If you happen to be visiting Taipei, you can take the subway to the Zhongxiao Fuxing Station and come out from Exit #1, across the street from the fancy SOGO department store (the newer one, not the older one just down the street near exits #3 and #4). On the corner of the busy intersection you’ll find a very tall rounded building which looks like a cross between an office building, a hotel, and a billboard, with an unobtrusive door tucked away next to what is currently an Esprit store.
Go inside and hop on the elevator to the ninth floor, where you will be greeted by a somewhat shabby, dimly lit hallway angling off to your left. At the end of the hall is a sign that reads “Alchemy ???.”
Through that door is a small room — probably smaller than my own basement, and most likely smaller than anything you’d think of as a hobby game store — crammed literally floor to ceiling with board games. There are a few very small tables to one side where you can play Magic, and the cash register (and a few more games) are squeezed into a space behind the stack of games. Welcome to Alchemy Games.
In many ways, my journey to Alchemy Games — not the sort of place you would just stumble upon — mirrors my quest for more information about board games themselves in Taiwan. I have family in Taiwan and have visited several times in my life, and my exposure to games has been limited to Go, Chinese chess, and Mahjongg (the actual Rummy-like game, not the tile-matching version you’ve played on your computer, which is like referring to Memory as “Poker” because it uses the same cards). I also knew there was a Chinese version of Monopoly that’s been around for ages. But other than that, I was not aware of any board game culture in Taiwan.
Now, this is a culture for which Chinese chess and Go — two ancient, elegant games — are deeply ingrained, even for those who don’t play. I found a PSA billboard in a subway station that used Chinese chess as a metaphor, and it’s assumed that everyone knows what those pieces are. Mahjongg is like Rummy on steroids (or perhaps I should say that Rummy is like Mahjongg Lite) — the scoring actually involves exponentials and is based on probabilities of certain combinations — so complexity is definitely not something that Chinese and Taiwanese are scared of. And yet, aside from Monopoly, I had rarely seen any indication that Western board games had taken root there.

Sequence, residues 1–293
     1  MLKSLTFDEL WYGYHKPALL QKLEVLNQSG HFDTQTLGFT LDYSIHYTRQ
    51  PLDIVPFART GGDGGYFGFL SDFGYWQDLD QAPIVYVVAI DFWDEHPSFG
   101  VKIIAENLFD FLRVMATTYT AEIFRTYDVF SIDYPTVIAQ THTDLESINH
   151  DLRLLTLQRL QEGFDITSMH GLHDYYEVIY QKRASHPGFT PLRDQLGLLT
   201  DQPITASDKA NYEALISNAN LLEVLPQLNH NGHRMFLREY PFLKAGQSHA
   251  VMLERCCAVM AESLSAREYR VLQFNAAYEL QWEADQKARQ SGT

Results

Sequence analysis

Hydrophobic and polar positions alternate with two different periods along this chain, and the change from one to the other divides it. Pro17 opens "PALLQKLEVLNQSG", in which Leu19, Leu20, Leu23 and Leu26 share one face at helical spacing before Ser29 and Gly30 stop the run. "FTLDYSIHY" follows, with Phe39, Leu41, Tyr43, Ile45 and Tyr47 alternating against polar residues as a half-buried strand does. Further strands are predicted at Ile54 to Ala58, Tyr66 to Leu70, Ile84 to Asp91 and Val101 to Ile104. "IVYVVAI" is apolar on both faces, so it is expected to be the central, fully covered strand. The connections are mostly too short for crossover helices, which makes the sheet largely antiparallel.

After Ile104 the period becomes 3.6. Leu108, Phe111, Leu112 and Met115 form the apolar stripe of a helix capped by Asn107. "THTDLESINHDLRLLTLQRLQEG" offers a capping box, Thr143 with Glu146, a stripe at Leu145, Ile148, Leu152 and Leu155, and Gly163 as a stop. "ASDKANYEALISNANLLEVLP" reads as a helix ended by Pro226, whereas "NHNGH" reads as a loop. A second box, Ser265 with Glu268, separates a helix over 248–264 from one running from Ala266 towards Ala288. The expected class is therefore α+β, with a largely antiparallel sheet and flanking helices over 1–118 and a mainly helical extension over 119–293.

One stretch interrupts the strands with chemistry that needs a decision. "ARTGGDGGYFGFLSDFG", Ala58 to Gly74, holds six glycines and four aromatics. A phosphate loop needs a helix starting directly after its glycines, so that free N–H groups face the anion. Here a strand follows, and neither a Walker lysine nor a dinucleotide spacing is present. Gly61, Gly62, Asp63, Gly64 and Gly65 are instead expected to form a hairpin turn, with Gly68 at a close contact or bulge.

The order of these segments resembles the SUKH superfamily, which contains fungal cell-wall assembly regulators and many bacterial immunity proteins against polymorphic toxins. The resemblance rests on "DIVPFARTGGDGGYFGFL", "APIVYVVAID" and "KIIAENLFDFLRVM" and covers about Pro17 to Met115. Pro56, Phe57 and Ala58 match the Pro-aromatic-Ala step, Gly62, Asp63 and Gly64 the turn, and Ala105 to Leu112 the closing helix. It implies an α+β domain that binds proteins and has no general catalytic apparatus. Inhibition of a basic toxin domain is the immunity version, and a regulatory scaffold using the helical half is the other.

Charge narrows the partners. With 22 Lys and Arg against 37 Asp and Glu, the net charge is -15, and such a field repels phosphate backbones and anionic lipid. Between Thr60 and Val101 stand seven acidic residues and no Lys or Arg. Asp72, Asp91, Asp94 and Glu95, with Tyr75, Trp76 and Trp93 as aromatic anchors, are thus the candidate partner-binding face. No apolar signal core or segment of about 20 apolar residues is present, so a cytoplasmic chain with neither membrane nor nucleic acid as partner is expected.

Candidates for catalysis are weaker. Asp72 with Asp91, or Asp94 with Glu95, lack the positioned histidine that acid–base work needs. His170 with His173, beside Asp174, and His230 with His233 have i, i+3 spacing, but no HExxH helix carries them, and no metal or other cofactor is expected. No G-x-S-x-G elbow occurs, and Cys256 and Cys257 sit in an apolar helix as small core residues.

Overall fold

Three years ago I’d half-heartedly looked for board games in toy stores, bookstores, department stores … and generally come up empty. Part of the problem was that the people I was around the most — my family — didn’t have any experience, and didn’t know where to point me. As a matter of fact, I didn’t even know how to say “board games” in Chinese. My parents didn’t know. My Chinese dictionary (as seen to the left here) didn’t help. I mentioned before that a typical term used by many is “???,” basically the Chinese name for Monopoly.
It wasn’t until I came across this article in Taiwan Today, “Board Games Gain Popularity in Taiwan,” that I had any indication that Eurogames had made the leap to Asia. But after reading that, I was on a mission: I wanted to find some game stores in Taipei, see what games people were playing, and maybe acquire a few Taiwanese-made games for myself.
I tried writing to Aaron Hsu, the author of the Taiwan Today article, but wasn’t able to get in touch with him. That made it trickier to get more information on things he mentioned like the Board Game Association or TwoPlus Studio, a local board game company, because searching for those terms in English doesn’t turn up the results I’m looking for. And, like I said, I still didn’t know how to look up “board games” in Chinese. Instead I turned to Board Game Geek, where I found a handful of game store recommendations — a far cry from the “over 60” that Hsu cites in the article, but I was only going to be in Taiwan for a few weeks and most of those would be spent sightseeing and doing family activities.
What I found was that board gaming is alive in Taiwan, though it’s still in its early, awkward stages. It’s not widespread yet, for reasons I’ll get to, and there are some distinct differences in the hobby from what I’m used to in the States. Read on and I’ll tell you a little about the game stores I encountered … and how to say “board games” in Chinese.